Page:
AAS 15-524


Cyrus Foster,∗ Henry Hallam,† and James Mason‡

We present methodology and mission results from determination of Planet Labs nanosatellites and differential-drag control of their relative motion. Orbit determination (OD) is required on Planet Labs to accurately predict the positioning of satellites during downlink passes and we present a scalable OD solution for large fleets of small satellites utilizing two-way ranging. In the second part of this paper, we present mission results from relative motion differential-drag control of a constellation of satellites deployed in the same orbit.


Planet Labs Inc. is a purpose-driven space and data analytics company based in San Francisco, California. The company designs, builds and operates large fleets of observation nanosatel- lites to image the entire planet at an unprecedented frequency. Planet Labs aims to provide universal access to information about the changing planet to enable both commercial and humanitarian appli- cations. Planet Labs’ concept of operations differs fundamentally from other optical remote sensing satel- lites in that the spacecraft always point their cameras towards nadir and are always on. Satellites always image while over land with reasonable solar illumination, and tasking is only done at the downlink stage. A single orbital plane of nadir-pointing satellites can image the whole Earth every single day if there are enough of them that their imaging swaths overlap. For the design altitude and telescope field of view of our instrument, a minimum of 105 evenly-spaced satellites is re- quired to ensure daily coverage as the Earth rotates under the orbital plane. Evenly spaced satellites additionally allow for the optimal use of the limited number of ground stations available for down- loading all of the imagery data. For these reasons, station keeping is strongly preferred over random distributions of satellites along the orbit. Operating fleets of satellites this size presents unique challenges, not least of which are orbit determination and station keeping control. The necessity to track each accurately, and the ability to deploy, disperse, and then station-keep is critical to the optimal operation of the fleet. These capabilities were identified early on in the design of Planet Labs concept of operations, and the ability to station-keep without the complexity and expense of onboard propulsion drove us to arXiv:1509.03270v1 [physics.space-ph] 10 Sep 2015 develop in-house differential drag control technology. This paper presents a status update on the significant investment made over the last four years towards solving this problem.

∗Orbit Mechanic, Planet Labs, [email protected] †Chief Astronaut, Planet Labs, [email protected] ‡Director of Missions, Planet Labs, [email protected]

1 On orbit determination, we present an introduction to our UHF radio ranging capability, and the resulting orbit determination capability that allows us to track our satellites independently of, and more accurately than third party service such as JSpOCs. On differential drag, we present the basic physical concepts, the enabling attitude configurations, our constellation deployment strategy, and the methodology and mission results from differential- drag control of their relative motion.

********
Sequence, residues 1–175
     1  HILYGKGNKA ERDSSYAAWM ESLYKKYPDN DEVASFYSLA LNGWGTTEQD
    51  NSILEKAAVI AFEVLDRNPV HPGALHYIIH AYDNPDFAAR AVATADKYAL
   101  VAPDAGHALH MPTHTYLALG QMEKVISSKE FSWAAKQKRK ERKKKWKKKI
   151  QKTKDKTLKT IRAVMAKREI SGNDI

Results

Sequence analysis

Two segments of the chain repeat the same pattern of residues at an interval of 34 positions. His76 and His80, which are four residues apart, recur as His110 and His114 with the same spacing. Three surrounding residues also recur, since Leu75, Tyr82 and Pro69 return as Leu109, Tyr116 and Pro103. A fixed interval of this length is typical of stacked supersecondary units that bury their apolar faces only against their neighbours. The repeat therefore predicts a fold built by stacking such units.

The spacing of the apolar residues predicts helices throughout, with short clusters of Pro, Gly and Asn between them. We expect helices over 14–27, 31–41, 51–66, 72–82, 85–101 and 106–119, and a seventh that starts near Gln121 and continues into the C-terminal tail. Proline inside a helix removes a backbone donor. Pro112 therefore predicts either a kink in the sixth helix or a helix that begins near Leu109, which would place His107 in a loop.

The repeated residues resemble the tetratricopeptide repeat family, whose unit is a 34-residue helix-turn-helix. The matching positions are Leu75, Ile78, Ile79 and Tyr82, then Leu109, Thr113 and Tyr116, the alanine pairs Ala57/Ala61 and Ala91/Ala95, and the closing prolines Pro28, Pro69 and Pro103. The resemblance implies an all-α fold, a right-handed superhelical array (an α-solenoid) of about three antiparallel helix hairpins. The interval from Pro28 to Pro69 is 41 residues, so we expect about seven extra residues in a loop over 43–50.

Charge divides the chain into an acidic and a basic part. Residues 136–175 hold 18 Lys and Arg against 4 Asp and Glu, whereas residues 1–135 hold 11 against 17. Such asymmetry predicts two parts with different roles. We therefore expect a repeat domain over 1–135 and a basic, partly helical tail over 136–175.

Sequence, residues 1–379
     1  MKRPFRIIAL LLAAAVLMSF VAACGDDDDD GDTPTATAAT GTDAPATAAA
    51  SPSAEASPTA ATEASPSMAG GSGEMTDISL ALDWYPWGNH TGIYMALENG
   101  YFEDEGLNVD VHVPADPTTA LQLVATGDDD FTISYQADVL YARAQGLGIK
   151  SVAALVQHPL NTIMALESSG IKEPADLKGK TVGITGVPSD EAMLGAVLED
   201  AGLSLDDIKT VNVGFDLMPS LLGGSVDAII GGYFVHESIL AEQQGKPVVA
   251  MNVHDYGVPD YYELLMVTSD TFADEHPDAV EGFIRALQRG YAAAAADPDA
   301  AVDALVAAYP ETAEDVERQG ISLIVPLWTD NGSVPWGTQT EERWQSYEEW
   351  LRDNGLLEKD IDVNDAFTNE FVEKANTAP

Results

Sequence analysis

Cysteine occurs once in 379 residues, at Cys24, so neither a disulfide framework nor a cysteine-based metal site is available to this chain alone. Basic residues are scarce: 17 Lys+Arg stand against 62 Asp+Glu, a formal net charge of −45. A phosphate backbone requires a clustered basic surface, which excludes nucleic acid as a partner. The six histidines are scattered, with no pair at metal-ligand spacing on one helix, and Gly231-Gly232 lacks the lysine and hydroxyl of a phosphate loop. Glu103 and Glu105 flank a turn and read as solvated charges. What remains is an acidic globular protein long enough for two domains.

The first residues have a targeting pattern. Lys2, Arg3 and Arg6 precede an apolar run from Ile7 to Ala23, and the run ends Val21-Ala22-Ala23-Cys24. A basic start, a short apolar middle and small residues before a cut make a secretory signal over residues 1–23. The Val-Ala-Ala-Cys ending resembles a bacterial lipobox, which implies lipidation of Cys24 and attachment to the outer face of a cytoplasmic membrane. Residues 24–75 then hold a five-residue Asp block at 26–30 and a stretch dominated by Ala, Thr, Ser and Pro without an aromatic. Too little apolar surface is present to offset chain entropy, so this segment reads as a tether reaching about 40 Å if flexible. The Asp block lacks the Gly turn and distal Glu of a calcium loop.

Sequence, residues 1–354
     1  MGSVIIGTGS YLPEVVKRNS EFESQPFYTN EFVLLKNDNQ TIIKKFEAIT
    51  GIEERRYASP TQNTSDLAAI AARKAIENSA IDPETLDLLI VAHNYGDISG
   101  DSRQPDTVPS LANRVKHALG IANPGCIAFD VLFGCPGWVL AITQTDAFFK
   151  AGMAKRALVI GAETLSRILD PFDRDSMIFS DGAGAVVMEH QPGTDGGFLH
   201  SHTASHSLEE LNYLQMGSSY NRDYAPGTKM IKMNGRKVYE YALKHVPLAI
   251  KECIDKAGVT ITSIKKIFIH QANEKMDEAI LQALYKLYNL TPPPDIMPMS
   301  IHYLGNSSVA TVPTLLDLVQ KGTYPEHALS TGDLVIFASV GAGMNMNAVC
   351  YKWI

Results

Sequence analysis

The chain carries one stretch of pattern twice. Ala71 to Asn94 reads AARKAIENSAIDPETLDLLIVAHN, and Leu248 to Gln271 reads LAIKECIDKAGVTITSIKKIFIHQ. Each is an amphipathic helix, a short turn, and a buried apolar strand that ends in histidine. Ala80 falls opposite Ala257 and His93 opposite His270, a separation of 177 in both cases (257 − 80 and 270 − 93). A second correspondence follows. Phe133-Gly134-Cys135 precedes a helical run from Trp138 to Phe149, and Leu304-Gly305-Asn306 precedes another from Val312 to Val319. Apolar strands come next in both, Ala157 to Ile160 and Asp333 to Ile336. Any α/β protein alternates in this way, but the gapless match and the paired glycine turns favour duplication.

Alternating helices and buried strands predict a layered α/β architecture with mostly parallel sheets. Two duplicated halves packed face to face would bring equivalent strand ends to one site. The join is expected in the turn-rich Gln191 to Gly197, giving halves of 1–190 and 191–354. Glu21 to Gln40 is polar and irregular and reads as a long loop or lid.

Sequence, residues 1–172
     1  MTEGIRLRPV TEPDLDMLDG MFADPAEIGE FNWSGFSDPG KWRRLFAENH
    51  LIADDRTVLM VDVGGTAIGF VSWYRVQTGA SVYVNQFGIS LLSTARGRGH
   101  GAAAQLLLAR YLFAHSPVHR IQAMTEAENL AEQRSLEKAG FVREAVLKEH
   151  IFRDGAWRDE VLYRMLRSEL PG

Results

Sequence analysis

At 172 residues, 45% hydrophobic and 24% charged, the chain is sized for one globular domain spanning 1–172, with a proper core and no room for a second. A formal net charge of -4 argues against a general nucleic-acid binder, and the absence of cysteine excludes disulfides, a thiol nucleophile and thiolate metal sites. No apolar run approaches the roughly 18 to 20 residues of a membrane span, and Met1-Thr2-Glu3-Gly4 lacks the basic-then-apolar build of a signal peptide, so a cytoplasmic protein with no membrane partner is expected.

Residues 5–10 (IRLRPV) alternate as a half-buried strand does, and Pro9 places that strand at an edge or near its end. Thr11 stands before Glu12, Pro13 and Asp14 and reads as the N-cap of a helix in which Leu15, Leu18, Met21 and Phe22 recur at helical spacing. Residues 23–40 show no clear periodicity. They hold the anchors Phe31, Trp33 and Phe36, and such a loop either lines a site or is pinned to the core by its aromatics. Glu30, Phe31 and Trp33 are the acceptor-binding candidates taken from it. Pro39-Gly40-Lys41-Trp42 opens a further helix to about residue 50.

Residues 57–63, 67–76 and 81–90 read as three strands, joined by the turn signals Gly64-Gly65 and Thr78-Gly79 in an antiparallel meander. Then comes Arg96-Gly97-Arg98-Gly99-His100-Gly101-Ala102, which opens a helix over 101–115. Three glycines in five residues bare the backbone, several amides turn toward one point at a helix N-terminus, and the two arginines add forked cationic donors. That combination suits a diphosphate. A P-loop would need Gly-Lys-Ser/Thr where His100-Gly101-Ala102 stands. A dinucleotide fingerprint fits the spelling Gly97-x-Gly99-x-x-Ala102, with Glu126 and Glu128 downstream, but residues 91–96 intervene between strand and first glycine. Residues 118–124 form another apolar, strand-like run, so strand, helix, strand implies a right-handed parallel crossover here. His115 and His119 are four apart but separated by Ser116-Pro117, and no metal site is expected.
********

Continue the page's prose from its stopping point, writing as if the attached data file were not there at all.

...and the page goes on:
Orbit determination (OD) is required on Planet Labs satellites for multiple operational purposes including on-orbit attitude control, image capture and downlink scheduling, georectification of pay- load imagery, conjunction assessment, and most critically, pointing of ground station antennas dur- ing downlink passes. Imagery is downloaded from a satellite via a high-bandwidth X-band link requiring ground station antenna pointing errors of less than 0.2◦. An for the satellite must be known in advance of a downlink pass to compute an appropriate Two-line element set (TLE) or -elevation file for a specific pass. TLEs published by the Joint Space Operations Center (JSpOC) are not accurate or reliable enough for nominal operations, especially for satellites in low (<450 km) where atmospheric and spacecraft attitude uncertainties yield large pertur- bations with orbit propagation. JSpOC spacecraft identification cross-tagging issues have also been encountered as a consequence of a large co-deployed fleet of small spacecraft. We present a scalable OD solution for large fleets of small satellites. Two-way time-of-flight ranging measurements are taken at UHF ground stations and are subsequently fit to an orbit using a high-precision propagator with a numerical force model. Orbits are then propagated into the future to produce a TLE or pass-specific azimuth-elevation files. We present the methodology for fitting an orbit to this data and mission results. The satellites, or Doves, fall into two orbit-regimes: -synchronous inclination at 600 km alti- tude and sub-ISS orbits (<400 km at 51.6◦inclination). At publication date, Planet Labs currently has 12 satellites in the sun-, and 25 satellites in the sub-ISS orbit.

Quality of JSpOC TLEs